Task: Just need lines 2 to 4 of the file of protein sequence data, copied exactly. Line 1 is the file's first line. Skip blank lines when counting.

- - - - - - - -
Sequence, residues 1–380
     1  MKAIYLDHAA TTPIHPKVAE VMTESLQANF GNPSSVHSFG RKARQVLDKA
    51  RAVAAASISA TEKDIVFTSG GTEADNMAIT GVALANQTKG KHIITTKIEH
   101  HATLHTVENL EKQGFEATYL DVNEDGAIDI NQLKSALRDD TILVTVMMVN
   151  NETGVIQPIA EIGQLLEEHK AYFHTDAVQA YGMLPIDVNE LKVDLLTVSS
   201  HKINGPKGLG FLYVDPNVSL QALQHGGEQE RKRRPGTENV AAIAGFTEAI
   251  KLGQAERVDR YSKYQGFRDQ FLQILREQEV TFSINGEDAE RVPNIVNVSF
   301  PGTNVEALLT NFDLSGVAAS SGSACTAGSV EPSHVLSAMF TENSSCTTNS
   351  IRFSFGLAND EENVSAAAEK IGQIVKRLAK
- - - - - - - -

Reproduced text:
     1  MKAIYLDHAA TTPIHPKVAE VMTESLQANF GNPSSVHSFG RKARQVLDKA
    51  RAVAAASISA TEKDIVFTSG GTEADNMAIT GVALANQTKG KHIITTKIEH
   101  HATLHTVENL EKQGFEATYL DVNEDGAIDI NQLKSALRDD TILVTVMMVN